The View: January 2015

The View: January 2015
Nippy, wet weather is normally the forecast this time of year. Gray skies and low tides provide a dreary backdrop, but the sun does shine in January.

It may take you leaving your fishing comfort zone, but winter fishing can be productive.

By now you have read it countless times how dark, soggy bay floors hold the warmest winter waters. It's true. One degree of difference is often the only variable in an area holding schools of fish.

Look for bait. It probably is scarce, as frigid waters turn baitfish lethargic; however, if you see one mullet flip, give the area a chance.

Sometimes all you see are a handful of mullet all day. That's okay. Trout don't need a whole lot of mullet this time of year they may only eat a few times a week.

We normally don't worry about getting an early start. We make long drifts and catch most of our fish around late-morning. When the sun comes out it seems like the fish bite better.

One day specks will want Chicken on a Chain Bass Assassins and the next day they want plum. One day they want pumpkinseed/chartreuse and the next they want Morning Glory or Opening Night.

Trout and redfish are readily available in guts and bayous up and down the coast. Some of the lowest tides of the year occur during the next 30 days, so you can eliminate lots of water. Concentrate on the areas that fall from waist to chest deep during the summer those same areas are probably shin to waist deep now.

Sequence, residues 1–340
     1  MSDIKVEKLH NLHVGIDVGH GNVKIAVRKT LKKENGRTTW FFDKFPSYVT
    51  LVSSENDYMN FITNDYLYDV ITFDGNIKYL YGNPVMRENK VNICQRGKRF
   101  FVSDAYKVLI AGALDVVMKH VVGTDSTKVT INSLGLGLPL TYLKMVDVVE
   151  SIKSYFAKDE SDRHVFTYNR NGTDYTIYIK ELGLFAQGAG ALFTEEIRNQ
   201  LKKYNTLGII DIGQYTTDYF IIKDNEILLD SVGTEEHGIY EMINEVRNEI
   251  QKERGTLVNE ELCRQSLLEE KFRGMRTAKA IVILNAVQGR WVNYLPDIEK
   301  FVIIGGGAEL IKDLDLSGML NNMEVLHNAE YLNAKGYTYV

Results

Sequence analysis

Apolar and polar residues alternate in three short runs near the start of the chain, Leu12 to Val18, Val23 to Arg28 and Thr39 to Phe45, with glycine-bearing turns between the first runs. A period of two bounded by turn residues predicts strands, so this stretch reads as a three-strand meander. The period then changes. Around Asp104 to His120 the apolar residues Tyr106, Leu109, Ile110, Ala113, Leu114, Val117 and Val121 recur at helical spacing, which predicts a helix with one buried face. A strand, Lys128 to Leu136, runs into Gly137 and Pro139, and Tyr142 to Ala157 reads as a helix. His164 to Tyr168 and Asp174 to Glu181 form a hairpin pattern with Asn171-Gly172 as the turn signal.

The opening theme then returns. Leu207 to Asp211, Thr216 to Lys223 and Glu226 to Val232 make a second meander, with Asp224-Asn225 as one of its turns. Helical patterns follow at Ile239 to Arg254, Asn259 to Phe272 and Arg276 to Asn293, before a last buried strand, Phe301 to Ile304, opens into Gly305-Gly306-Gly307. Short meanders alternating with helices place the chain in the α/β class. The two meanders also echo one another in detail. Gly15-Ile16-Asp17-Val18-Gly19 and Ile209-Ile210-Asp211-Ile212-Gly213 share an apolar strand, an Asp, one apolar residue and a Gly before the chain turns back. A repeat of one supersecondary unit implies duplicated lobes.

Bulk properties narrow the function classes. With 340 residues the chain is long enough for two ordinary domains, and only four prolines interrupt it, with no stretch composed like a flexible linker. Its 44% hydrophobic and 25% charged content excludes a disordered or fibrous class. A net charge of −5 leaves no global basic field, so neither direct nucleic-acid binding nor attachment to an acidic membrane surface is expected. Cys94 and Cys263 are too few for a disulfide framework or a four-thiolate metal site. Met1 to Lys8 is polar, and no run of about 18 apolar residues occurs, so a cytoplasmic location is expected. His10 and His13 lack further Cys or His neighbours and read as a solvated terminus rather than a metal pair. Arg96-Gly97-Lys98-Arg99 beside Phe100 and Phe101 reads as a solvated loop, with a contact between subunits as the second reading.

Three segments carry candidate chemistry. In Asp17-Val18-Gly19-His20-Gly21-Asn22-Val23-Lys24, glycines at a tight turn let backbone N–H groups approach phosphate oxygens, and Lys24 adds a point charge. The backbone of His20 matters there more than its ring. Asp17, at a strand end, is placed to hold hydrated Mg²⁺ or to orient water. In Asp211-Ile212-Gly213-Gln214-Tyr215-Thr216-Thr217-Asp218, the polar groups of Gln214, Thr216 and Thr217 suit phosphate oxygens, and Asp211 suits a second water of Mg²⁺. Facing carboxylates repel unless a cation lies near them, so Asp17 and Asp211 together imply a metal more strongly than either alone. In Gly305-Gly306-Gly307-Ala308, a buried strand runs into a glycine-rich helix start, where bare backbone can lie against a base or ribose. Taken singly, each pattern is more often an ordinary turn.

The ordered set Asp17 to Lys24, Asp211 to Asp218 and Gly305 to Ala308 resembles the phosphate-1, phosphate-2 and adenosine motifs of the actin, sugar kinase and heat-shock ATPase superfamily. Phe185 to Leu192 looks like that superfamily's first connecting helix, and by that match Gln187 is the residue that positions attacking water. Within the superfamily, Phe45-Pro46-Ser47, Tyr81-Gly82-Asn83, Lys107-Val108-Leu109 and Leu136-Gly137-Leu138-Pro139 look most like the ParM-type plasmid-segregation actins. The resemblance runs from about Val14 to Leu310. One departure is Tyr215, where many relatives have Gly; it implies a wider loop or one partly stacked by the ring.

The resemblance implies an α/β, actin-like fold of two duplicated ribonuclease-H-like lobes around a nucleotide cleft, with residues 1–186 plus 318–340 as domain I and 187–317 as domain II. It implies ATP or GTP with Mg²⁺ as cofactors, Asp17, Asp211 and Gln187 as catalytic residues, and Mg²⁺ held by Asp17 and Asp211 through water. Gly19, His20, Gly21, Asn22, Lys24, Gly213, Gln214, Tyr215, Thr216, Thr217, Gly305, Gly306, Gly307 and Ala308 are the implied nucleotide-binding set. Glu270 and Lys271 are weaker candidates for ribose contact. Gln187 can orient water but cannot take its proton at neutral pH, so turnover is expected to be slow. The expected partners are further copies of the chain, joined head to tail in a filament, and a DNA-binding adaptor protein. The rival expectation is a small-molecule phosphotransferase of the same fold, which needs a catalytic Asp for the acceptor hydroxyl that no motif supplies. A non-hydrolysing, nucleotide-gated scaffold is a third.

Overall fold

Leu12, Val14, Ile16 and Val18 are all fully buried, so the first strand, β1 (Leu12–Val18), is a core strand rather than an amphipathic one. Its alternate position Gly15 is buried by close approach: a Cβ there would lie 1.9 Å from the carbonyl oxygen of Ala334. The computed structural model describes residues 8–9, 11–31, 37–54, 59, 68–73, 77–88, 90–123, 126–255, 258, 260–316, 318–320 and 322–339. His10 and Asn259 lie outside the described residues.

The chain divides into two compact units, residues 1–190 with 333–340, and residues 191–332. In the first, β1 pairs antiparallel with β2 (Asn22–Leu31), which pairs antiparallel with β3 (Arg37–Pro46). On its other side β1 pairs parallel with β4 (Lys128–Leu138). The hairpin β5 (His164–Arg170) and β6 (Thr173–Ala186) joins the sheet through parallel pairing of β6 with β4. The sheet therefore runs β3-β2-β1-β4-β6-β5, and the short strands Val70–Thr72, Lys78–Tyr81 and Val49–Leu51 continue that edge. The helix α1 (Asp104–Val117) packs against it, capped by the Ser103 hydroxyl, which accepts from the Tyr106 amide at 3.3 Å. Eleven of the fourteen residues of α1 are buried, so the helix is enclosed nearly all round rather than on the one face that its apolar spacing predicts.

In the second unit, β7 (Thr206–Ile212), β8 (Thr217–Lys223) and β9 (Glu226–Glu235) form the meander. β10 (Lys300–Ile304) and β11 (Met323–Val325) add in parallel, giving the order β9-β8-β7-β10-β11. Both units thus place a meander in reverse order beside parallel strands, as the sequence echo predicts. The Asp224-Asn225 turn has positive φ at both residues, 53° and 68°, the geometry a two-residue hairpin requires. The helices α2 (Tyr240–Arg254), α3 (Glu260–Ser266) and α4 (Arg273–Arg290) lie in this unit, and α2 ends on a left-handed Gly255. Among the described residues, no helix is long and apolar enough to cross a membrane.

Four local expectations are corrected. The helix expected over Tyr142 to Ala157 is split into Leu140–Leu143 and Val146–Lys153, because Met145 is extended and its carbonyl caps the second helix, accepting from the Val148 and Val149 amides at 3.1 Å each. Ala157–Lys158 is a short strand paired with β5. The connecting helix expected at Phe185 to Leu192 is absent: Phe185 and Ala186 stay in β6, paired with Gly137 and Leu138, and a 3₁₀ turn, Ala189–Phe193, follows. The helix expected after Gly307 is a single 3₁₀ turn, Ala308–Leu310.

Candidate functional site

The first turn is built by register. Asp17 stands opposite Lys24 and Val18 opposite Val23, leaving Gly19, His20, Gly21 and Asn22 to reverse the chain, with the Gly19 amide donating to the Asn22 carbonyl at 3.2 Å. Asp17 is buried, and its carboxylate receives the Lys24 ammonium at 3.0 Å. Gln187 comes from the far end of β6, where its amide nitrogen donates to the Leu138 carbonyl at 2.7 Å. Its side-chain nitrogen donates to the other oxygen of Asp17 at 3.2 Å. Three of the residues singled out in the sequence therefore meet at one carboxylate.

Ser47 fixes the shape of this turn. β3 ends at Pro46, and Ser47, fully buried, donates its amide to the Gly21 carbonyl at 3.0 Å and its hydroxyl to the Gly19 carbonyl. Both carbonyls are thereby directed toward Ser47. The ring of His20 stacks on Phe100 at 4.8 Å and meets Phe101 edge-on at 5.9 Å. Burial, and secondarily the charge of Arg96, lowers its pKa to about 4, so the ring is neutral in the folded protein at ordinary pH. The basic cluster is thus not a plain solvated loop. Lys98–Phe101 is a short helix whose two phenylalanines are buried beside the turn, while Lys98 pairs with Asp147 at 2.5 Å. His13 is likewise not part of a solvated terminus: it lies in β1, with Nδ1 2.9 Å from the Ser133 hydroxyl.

Find points of sloughs and bayous and anchor within casting distance. These points normally hold the deepest water as outgoing and incoming tidal flow provide depressions. Live shrimp under a popping cork works every time, but plastics like Gulps, Tidal Surges, Gamblers, Bass Assassins and Norton Bull Minnows work as well.

Sand trout are another winter option that requires minimal skills. Channels and bayous with ardent tidal flow to and from the Gulf holds plenty of sandies. Carolina-rigged fresh shrimp and/squid gets plenty of pulls.

A great winter fish that rarely gets rave reviews is the sheepshead. Most sheepies hang just below the surface and dine on crustaceans and organisms clinging against rocks and pilings. Live shrimp under a popping cork is the most effective bait; and, once you get past its motley mug, the sheepshead's white meat pleases the palate.

Winter low tides reveal reefs, flats and other structures you never knew were there. Take advantage of the free look and mark all of these fish magnets, then hit 'em again when tides return this spring.

Those oyster boats dredging in the middle of the bay have a story to tell. Their captains are not dragging blind, they are using years and years of established coordinates.

To many charter captains' chagrin, we often see boats pulling next to ours on drifts with heads down marking points on their GPS. Use that same pattern with oyster boats and mark their spots and come back and fish that valuable structure when the boats are gone.

We will still be duck hunting on January mornings and fishing the afternoons. Don't let the cold wind keep you by the fire; there are always a few trout and redfish eating somewhere.